“You can do it,” Phaera said quietly, “I have faith in you, Marcus.” She turned back to Shandra. “Where do you live?”
The girl pointed in the distance. Phaera followed her gaze and saw a house in the distance. If it could be called a house; the property looked to be nothing more than a shack. She sighed and said, “Okay, Shandra. My friend Marcus is going to set your foot, alright? It’s going to hurt a lot, but then it’s going to feel a little better.”
Shandra started to cry again.
“You have to be brave,” Phaera told her. She ran a hand over the girl’s hair, pulling it away from her grimy face. “Can you be brave?”
“No,” Shandra said, “I’m not brave!”
“I don’t think that’s true,” Phaera said, “Only someone who’s brave could climb that tree. I know that when I was your size, I didn’t dare. I was too afraid.”
“Really,” Phaera said. “How high did you get?” She cut her eyes briefly to Marcus, who gave a jerk of his head in acknowledgment. He bent back down, his hands hovering over the ankle.
The girl smiled a little again, “I got really high. At least twenty feet. My pa always says not to climb trees and I guess I know why now, but I can’t help it. I love to climb. I learned how from my brother. But he never falls!”
“Everyone falls at some point,” Phaera said, “It’s getting back up and trying again that matters, Shandra. When your foot heals, you’ll be back in that tree in no time.”
“You think so?”
Phaera nodded. Just then, Marcus snapped the ankle back into place. The girl let out a loud howl of pain but it quickly faded to sniffles.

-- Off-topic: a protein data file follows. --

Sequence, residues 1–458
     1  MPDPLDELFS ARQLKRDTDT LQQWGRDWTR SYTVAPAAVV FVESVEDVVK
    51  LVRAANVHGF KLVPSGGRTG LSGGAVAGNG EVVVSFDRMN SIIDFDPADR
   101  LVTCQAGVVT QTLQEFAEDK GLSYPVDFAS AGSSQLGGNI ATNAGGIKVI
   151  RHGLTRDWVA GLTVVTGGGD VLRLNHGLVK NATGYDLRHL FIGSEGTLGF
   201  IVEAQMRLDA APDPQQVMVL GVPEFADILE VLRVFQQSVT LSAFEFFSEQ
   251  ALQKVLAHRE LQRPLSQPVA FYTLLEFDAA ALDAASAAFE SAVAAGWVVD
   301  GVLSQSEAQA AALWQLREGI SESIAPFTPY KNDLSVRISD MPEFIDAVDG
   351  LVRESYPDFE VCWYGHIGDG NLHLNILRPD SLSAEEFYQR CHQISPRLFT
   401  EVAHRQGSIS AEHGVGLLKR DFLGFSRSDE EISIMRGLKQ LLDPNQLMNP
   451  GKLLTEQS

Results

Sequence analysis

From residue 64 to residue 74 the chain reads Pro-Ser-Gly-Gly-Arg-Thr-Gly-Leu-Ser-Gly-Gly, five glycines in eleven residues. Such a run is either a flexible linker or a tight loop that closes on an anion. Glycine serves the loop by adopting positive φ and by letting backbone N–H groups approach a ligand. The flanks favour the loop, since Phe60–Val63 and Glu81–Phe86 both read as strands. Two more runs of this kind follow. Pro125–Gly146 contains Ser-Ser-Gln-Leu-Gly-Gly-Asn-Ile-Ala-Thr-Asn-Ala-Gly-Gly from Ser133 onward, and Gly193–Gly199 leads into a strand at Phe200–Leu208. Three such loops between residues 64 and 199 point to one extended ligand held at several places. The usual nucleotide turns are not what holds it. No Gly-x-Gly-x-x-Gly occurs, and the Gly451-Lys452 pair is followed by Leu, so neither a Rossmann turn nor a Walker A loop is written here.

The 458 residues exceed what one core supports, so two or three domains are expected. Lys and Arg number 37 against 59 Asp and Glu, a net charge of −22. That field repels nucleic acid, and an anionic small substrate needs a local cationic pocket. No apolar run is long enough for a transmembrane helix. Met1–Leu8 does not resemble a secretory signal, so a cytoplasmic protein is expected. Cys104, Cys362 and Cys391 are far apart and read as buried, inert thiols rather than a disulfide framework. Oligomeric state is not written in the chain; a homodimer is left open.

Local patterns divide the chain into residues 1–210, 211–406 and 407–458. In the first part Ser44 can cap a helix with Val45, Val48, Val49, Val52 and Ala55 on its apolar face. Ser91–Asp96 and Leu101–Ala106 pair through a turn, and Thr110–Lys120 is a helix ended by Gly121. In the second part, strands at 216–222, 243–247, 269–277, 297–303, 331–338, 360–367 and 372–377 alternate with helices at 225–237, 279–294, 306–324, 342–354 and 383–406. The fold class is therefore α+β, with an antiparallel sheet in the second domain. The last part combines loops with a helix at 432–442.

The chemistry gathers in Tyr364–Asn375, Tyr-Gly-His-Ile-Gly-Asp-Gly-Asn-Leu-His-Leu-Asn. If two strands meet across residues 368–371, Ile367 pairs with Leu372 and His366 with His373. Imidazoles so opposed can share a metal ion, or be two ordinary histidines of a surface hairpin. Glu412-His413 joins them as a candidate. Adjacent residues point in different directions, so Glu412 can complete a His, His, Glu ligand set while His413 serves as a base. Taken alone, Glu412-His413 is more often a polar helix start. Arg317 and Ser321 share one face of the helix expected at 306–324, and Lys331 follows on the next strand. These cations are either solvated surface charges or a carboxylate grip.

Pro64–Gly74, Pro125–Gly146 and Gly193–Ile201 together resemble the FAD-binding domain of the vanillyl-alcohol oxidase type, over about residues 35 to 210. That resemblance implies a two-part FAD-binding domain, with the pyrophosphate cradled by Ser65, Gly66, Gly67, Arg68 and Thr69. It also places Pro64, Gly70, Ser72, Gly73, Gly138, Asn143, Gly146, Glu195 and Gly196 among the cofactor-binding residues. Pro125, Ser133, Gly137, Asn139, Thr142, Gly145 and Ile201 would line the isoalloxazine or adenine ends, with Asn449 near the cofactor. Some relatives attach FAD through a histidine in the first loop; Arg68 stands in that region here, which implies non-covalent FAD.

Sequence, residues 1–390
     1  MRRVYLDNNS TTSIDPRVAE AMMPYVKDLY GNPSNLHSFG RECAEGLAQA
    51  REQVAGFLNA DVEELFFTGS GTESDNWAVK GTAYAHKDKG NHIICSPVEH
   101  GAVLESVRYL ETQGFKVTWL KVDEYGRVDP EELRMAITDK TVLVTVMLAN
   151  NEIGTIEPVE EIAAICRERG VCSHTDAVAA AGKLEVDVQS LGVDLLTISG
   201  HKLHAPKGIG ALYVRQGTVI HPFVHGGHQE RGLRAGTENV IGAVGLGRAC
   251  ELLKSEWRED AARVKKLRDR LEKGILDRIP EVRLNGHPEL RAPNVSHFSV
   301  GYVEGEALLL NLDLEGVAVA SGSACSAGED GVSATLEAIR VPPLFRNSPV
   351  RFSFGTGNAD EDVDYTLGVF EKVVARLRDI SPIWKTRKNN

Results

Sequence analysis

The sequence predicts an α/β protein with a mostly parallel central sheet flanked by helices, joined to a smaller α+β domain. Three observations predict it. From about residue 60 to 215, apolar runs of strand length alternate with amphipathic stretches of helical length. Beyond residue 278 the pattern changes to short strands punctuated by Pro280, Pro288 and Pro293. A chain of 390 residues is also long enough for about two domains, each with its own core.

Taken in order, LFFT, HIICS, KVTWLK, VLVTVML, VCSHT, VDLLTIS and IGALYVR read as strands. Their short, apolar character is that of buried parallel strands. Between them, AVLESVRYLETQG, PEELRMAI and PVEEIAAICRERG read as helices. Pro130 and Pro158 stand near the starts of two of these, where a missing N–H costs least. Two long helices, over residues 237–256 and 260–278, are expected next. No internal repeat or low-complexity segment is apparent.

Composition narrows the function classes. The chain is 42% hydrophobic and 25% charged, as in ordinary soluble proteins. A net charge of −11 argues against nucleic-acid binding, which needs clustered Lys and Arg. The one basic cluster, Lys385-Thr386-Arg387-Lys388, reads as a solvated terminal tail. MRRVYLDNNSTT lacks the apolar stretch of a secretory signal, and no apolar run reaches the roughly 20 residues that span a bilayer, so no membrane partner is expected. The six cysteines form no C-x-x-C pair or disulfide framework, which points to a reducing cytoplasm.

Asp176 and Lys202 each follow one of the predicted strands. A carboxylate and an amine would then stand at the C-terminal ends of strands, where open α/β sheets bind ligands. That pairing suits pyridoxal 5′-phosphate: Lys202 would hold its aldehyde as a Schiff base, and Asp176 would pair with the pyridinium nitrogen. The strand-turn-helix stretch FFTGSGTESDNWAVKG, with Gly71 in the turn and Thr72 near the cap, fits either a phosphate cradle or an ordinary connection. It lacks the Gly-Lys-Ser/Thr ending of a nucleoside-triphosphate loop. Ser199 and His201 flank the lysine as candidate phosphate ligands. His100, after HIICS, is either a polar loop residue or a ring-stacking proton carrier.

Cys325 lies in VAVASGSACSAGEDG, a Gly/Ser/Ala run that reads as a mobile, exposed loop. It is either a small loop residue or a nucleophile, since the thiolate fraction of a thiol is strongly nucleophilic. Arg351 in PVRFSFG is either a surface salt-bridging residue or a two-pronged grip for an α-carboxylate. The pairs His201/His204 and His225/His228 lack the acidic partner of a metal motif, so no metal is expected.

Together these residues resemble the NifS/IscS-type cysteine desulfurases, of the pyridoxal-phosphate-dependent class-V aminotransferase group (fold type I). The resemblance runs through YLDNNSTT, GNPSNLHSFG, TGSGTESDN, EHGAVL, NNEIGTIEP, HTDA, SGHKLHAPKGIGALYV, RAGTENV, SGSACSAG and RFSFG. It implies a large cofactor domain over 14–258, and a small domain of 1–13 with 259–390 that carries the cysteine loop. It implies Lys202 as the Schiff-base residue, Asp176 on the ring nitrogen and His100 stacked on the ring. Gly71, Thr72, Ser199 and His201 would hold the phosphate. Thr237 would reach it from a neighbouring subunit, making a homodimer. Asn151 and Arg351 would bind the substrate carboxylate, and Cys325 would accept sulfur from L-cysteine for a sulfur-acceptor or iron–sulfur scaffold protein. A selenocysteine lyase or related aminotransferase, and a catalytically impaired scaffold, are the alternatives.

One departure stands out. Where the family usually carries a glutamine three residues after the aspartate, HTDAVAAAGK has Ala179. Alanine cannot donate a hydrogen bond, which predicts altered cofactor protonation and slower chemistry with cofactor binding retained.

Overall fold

“All done,” Marcus said to the girl, “Of course, you’ll have to have it splinted and you’ll have to stay off of it for a few weeks, but then you’ll be good as new.”
“Promise,” Marcus said.
“Take her back to her house,” Phaera said to Marcus. “She can ride your horse and you can walk it. I should be getting back to the men.”
“Yes, Commander,” Marcus said. He picked up the child as though she weighed nothing and set her atop the horse. “I want you to hold onto the pommel,” he said. He pointed it out. “We’ll go slow so you don’t get scared, alright?”
The girl nodded.
“Marcus,” Phaera said in a quieter voice. She took his arm and pulled him a bit away. “I want you to leave some gold for the family.”
“Look at her,” Phaera said, “She’s wearing clothing that’s three sizes too big, and no shoes. She’s scrawny as well. I doubt she gets many proper meals.”
“Children are naturally thin,” Marcus said, “She could just enjoy running a lot. She looks like an adventurer.”
“Leave the gold anyway,” Phaera said.
Marcus held her gaze for a minute and then nodded. “As you wish, Commander. Go on back. I’ll join you shortly.”
Phaera swung herself up onto the horse and headed back toward where camp was setting up. She felt a splatter of rain hit her nose and run down her chin. Her eyes went briefly to the sky as though to confirm the wet weather that needed no confirmation.
The men would be glad to see her back, and they’d be glad to know there was no trap. There was only a young girl with a broken ankle. The war was over, after all, and they were almost home.